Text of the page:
With the summer coming to a close here in New England, one of my favorite wild edibles that I seek out in the late Summer and early Fall is the Common Elderberry (Sambucus nigra). In this article I’ll be showing you how to properly identify the Common Elderberry, where to find it, and how to process it into a delicious jelly.Disclaimer: Eating certain wild plants can be deadly!!Be certain to consult a professional (or a really good field guide) in order to positively identify this plant before trying this for yourself. The owners of this site will not be held responsible for any lapses in judgment or stupidity when handling or consuming wild plants.
How to Identify Common ElderberryHere are the main things you’ll want to look out for in order to properly identify the Common Elderberry:
|Compound leaves: Common Elderberry leaves grow opposite each other and are divided into 5-11 coarsely toothed, elliptical, pointed leaflets (each around 3-4 inches long).|
|Corky bumpy branches: Besides the bumpy “pimples” on the branches, if you crack open the branches or the twigs you’ll find a spongy, white pith.|
|Late spring/Early summer — white, lacy flower clusters: The flower clusters spread over 6 inches across and are flat-topped to slightly rounded.|
|Late summer/Early fall — purple-black to black berry clusters: Similar to the flowers they grow in clusters. Each juicy berry is about the size of an airsoft BB (1/4″ across) and the clusters are large and heavy enough to weigh down the branches causing them to droop. A note of caution: Stay away from the red elderberries (a different species of elderberry), these are toxic and will make you sick|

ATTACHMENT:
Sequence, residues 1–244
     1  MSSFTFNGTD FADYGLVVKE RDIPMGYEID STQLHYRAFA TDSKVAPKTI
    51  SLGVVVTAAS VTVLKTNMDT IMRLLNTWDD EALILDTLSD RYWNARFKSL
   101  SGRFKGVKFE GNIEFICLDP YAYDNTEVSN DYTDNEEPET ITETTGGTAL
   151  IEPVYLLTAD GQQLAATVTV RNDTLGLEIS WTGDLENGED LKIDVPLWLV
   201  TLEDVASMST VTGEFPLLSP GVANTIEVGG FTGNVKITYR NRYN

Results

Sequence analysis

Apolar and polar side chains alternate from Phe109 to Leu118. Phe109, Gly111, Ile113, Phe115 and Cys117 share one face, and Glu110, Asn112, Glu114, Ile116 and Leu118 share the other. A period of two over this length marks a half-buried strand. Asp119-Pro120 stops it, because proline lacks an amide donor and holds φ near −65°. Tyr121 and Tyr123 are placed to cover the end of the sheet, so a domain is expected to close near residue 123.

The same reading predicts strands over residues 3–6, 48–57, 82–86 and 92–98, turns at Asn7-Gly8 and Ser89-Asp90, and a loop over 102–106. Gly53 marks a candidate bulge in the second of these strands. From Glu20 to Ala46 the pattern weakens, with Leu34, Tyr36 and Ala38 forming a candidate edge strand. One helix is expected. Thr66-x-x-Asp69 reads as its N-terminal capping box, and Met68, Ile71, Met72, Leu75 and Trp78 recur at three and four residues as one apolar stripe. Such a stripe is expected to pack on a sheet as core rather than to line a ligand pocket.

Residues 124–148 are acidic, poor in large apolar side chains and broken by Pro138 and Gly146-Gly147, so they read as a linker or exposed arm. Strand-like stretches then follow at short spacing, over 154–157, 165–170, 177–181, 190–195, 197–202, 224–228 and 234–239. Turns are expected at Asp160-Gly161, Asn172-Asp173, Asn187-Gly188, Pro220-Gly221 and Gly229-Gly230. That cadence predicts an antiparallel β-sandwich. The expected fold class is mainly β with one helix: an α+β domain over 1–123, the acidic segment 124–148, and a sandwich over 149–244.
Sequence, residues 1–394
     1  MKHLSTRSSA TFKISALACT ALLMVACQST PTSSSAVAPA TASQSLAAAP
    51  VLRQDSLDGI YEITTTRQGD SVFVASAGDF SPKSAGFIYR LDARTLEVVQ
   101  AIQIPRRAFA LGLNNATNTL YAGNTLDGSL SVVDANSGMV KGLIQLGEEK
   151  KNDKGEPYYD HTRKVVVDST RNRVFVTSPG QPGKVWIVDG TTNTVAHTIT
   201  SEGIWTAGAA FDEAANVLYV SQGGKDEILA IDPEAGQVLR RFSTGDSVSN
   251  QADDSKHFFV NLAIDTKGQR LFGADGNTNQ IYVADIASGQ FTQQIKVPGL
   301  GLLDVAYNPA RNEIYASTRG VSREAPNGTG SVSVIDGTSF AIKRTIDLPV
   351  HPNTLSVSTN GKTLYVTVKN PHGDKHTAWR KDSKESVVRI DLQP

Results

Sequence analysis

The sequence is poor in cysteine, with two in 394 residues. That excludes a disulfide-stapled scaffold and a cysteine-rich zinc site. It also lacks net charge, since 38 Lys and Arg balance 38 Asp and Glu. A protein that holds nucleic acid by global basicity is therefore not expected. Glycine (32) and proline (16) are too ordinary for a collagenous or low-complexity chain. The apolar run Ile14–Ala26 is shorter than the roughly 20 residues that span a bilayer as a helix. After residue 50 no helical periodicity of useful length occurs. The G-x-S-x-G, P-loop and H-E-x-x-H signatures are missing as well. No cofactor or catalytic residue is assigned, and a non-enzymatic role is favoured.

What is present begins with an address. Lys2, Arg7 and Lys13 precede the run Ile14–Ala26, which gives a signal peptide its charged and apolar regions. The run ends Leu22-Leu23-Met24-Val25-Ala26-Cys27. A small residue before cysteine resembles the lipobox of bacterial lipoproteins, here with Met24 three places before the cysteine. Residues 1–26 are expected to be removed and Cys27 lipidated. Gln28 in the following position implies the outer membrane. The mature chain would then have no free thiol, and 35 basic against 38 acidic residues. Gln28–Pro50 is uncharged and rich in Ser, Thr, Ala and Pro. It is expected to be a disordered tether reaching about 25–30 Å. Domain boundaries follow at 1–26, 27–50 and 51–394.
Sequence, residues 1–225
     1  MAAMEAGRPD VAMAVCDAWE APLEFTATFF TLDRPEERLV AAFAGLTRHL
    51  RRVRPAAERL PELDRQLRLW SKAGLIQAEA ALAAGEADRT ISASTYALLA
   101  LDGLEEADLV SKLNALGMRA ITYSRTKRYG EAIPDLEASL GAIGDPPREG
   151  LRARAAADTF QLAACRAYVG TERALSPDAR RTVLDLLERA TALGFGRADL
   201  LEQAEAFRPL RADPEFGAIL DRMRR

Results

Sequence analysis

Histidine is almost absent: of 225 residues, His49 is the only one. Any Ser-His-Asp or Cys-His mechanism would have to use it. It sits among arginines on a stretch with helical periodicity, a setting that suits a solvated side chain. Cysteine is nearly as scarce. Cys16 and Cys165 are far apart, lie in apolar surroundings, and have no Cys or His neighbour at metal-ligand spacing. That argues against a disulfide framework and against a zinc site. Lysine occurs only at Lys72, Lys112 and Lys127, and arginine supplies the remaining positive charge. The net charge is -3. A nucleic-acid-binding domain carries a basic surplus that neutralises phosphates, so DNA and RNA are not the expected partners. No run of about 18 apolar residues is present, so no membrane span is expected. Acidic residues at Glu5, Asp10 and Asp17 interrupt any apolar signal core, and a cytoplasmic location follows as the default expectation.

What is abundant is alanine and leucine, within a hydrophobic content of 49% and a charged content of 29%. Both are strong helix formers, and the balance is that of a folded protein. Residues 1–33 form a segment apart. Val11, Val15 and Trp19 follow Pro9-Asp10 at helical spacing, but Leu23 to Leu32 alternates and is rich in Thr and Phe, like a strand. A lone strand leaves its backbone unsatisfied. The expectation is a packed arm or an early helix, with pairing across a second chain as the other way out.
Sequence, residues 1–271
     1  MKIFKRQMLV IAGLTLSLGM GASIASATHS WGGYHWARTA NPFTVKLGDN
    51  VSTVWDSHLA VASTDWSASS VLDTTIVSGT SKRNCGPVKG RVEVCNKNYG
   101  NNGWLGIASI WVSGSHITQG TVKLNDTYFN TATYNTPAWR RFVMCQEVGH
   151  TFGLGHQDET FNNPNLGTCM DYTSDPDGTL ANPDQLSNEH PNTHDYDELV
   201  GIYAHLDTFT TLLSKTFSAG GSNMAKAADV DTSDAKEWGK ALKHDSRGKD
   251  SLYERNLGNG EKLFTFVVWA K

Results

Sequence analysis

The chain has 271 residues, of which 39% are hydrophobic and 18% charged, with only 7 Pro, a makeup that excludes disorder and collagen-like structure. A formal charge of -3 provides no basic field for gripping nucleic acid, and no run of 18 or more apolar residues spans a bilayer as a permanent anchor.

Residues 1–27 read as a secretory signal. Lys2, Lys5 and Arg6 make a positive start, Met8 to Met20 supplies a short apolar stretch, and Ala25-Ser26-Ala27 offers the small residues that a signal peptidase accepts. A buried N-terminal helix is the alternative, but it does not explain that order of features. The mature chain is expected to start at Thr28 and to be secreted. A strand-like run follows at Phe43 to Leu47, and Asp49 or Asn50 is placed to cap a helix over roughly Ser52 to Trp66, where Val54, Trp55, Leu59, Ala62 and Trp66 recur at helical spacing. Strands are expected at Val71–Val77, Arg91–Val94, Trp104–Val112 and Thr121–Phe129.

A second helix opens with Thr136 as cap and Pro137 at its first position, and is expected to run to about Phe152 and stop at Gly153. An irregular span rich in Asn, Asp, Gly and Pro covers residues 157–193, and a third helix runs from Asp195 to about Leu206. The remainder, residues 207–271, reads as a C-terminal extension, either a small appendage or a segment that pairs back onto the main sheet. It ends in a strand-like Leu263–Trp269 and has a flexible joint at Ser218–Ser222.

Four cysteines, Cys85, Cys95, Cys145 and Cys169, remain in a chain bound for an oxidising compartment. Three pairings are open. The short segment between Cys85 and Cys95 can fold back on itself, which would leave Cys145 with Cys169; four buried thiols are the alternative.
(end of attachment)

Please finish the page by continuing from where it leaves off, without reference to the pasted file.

Where to Find Common ElderberryCommon Elderberry can be found growing in large thicks stands. They seem to prefer moist places with a good amount of sunlight. You’ll want to look for it along roadsides and riverbanks, in marshes and in moist woods, and thickets in the eastern part of North America.
Here’s the range map indicating where Common Elderberry has officially been found:
How to Make Elderberry JamThis recipe will make 3 pints (6 cups) of Elderberry jelly.
What You’ll Need
- 4 cups sugar
- 6 cups of elderberries
How to Make Elderberry Jelly
|Step 1: Remove the elderberries from the clusters with a fork doing your best to make sure not to include any of stems or other plant materials. Wash these in cold water.|
|Step 2: With the heat set to medium/medium-high cook the elderberries in a pot crushing the berries with a potato masher until the natural juices are released. I’ll sometimes add a little water to this recipe (1 cup of water for every 6 cups of berries). Bring to a boil allowing it to cook for around 15 minutes.|
|Step 3: Pour cooked berries and juice In a colander lined with a cloth (t-shirt, multiple cheese cloths etc) allowing the juice to collect into a bowl. Since this will be very hot, let it sit for an hour to drain through and cool off.|
|Step 4: Once it has cooled off, begin squeezing any left-over juices through the cloth filter.|
|Step 5: Pour elderberry juice in a cooking pot, add sugar and pectin (for the proper amount of pectin, see instructions indicated on your packet) and bring to a rolling boil over high heat, stirring constantly. Let it boil only about 1 minute.|
|Step 6: At this point it’s a good idea to test a small amount of the liquid to ensure that it’s setting properly (thickening into jelly). To do this, take a spoonful of the liquid and pour it into a bowl or a small plate and place it in the freezer. After a few minutes, if there is enough pectin, the liquid will have jelled up into the consistency you desire. If not, add some more and bring to a quick boil and test again. If all is well, pour the liquid into canning jars and process those canning jars in a hot-water bath or as desired in order to make an airtight seal. Properly sealed jars of elderberry jelly will store for at least a year without issue. You’ll want to finish open jars within 2 weeks since there are no preservatives.|